Several reasons could be behind the recorded low bond strength of these single-step self-etch adhesives. One of them is that the combination of acidic hydrophilic and hydrophobic monomers into a single solution may compromise the function of each component.18,19 It should be noted that AO and AOF have relatively high acidity (pH=1.5).20 Another reason is that for such types of adhesive systems, a relatively high concentration of solvent is required to keep the monomers blended into the solution. Hence, air-drying of the solvent may not be able to accomplish significant solvent evaporation,21 which leads to the retention of a greater amount of water in the adhesive layer, even after light-curing. Increased water concentration may indeed dilute the adhesive monomers and lower their inward rate of diffusion as well as limit the degree of polymerization.22 In the present study, intrapulpal pressure was simulated during bonding and storage, which could intensify the negative effect of residual water retention.
Additionally, Margvelashvili and others20 reported that the AO adhesive system is an acetone-free adhesive system so that, based on the manufacture's claim, the probability of solvent/monomer phase separation was eliminated. In reality, the phase separation that occurred between the hydrophilic and the hydrophobic components of this adhesive cannot be discounted. A varying infiltration gradient can be established as a consequence of phase separation within the adhesive and/or as a result of the difference in molecular weight or affinity to dentin.19,23 SEM photomicrographs of the AO fractured sticks support the above-mentioned explanations wherein type 2 failure (cohesive failure in the adhesive layer) blisters (droplets) were observed. These droplets were usually detected with single-step self-etch adhesives and were attributed to water sorption from the moist dentin substrate through an osmotic process caused by a gradient imbalance at the interfaces.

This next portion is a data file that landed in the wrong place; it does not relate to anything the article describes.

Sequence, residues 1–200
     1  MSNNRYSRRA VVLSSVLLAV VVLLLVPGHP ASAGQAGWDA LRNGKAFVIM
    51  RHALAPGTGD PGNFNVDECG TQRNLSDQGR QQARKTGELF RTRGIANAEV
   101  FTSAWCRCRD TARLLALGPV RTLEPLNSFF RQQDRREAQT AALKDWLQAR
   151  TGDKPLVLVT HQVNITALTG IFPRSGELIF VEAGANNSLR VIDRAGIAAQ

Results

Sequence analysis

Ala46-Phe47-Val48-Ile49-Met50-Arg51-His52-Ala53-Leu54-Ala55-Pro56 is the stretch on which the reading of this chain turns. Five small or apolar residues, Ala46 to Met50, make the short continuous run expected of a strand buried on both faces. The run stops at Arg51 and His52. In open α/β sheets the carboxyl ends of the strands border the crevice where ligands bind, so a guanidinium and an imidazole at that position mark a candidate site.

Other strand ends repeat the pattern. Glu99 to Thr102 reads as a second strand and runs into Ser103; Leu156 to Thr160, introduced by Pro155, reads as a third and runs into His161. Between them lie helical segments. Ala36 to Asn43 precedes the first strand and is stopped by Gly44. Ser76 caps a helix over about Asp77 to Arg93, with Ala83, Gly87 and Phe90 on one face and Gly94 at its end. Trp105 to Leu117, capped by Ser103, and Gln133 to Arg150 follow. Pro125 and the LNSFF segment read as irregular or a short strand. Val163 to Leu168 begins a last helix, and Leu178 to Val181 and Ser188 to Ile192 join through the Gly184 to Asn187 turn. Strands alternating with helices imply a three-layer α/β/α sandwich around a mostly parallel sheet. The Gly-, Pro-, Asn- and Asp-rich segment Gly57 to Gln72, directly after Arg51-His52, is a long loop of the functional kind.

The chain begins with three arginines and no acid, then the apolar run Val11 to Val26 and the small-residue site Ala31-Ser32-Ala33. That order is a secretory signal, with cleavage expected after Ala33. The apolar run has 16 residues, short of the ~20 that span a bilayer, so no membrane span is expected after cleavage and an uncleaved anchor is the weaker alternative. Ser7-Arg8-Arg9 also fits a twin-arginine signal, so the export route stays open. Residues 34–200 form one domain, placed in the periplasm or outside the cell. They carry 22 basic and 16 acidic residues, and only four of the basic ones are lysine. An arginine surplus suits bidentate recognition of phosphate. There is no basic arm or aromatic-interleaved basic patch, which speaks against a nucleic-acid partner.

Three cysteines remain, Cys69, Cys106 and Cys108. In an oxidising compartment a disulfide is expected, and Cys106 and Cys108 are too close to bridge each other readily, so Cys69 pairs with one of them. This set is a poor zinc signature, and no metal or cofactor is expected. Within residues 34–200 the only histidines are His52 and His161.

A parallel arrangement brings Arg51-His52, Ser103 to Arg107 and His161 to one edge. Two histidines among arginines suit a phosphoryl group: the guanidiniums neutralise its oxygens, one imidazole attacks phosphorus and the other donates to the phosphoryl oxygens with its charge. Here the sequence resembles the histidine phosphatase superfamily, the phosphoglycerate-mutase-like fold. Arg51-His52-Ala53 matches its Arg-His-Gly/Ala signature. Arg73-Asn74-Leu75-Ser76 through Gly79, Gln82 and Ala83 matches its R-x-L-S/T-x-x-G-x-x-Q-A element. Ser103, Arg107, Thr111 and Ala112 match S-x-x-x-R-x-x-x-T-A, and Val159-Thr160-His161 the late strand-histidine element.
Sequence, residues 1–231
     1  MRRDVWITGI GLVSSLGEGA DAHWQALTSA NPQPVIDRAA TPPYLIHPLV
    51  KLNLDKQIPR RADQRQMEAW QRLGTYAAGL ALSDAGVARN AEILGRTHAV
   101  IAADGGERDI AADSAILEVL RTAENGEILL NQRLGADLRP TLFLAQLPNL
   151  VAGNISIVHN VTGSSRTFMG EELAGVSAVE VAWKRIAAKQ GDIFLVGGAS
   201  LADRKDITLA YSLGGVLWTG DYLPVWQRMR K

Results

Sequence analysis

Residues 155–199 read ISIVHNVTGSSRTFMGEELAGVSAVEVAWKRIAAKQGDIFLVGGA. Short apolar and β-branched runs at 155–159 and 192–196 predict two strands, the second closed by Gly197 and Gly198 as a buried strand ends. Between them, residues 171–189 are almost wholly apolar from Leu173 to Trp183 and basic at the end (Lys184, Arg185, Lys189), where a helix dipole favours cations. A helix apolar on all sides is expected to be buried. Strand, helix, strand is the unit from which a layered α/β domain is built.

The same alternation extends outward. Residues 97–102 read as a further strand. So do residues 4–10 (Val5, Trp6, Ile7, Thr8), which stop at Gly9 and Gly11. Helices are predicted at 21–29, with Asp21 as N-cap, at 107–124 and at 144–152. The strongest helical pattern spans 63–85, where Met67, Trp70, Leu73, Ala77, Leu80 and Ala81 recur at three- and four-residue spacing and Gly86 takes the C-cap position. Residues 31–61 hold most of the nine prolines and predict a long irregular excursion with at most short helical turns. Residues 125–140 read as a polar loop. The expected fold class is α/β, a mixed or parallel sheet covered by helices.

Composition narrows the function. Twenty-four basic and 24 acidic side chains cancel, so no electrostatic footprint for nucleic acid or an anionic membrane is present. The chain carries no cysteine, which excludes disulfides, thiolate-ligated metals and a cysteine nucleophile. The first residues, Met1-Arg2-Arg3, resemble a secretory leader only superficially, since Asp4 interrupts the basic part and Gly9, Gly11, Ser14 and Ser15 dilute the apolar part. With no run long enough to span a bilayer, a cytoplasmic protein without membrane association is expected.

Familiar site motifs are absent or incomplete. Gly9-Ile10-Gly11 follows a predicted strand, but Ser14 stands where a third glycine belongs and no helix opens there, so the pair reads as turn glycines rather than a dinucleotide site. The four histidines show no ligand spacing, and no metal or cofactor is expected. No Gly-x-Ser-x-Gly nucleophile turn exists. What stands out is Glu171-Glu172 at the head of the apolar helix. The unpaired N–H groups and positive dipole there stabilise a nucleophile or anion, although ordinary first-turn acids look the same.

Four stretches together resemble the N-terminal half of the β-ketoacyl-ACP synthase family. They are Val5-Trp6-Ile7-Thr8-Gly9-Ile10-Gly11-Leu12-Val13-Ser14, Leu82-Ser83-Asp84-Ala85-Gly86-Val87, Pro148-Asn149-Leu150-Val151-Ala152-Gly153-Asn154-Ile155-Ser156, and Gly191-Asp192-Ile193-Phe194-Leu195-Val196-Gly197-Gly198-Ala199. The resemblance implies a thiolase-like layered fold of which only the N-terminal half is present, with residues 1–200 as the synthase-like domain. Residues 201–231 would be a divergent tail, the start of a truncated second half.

The μTBS results of the tested adhesive systems after six-months of storage in artificial saliva and under intrapulpal pressure support the rejection of the null hypothesis. This was clearly shown with SB and CSE, for which μTBS values were significantly decreased after six months of storage. Campos and others24 agreed with these findings; however, they used thermo-mechanical stressing in addition to the intrapulpal pressure simulation. The decrease in bonding effectiveness of such adhesives may be caused by the degradation of interface components via hydrolysis (mainly resin and/or collagen).2 In etch-and-rinse adhesive systems, there is a discrepancy between the depth of demineralization and resin infiltration, which leads to a zone of hydroxyapatite-depleted collagen fibrils that are left exposed and unsupported.24,25 The mineralized dentin matrix contains many endogenous enzymes (for example, alkaline phosphatase and metalloproteases) that may be released and activated during etching or more slowly during water storage. These enzymes could attack the denuded collagen,26 the ester bonds of resins,27 or both. Thus, the demineralized dentin at the bottom of the hybrid layer would become a weak link in the bonding interface over time.28 Furthermore, Pashley and others29 reported that bonding of contemporary etch-and-rinse adhesive systems to water-saturated dentin leaves a very thin layer of water or hydrogel between the infiltrated adhesive and the collagen fibrils of the matrix. This layer seems to provide a fluid-filled continuum from resin tags into the base of the hybrid layer through lateral branches of dentinal tubules throughout the full thickness of the hybrid layer. In addition, permitting the diffusion of water molecules from dentin across the adhesive layer reduces the frictional forces between the polymer chains, causing what is known as plasticization.27 The aforementioned explanation is supported by the detected shift in the mode of failure patterns of the Adper Single Bond 2 toward a more complex interfacial fracture after six months of storage under intrapulpal pressure.